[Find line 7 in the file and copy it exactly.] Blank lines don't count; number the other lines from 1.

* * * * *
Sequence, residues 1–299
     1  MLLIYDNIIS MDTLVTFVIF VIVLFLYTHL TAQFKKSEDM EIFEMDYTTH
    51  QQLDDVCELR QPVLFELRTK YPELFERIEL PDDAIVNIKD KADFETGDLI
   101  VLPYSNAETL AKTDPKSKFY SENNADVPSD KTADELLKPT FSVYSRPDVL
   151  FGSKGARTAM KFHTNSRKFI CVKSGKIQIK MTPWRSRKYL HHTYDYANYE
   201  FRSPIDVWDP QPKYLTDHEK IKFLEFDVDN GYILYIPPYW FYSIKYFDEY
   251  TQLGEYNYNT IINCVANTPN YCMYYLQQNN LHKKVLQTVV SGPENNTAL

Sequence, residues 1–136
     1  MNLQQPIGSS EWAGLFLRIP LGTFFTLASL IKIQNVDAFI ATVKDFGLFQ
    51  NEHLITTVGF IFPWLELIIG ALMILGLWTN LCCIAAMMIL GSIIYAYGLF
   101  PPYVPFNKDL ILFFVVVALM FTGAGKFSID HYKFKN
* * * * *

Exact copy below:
   251  TQLGEYNYNT IINCVANTPN YCMYYLQQNN LHKKVLQTVV SGPENNTAL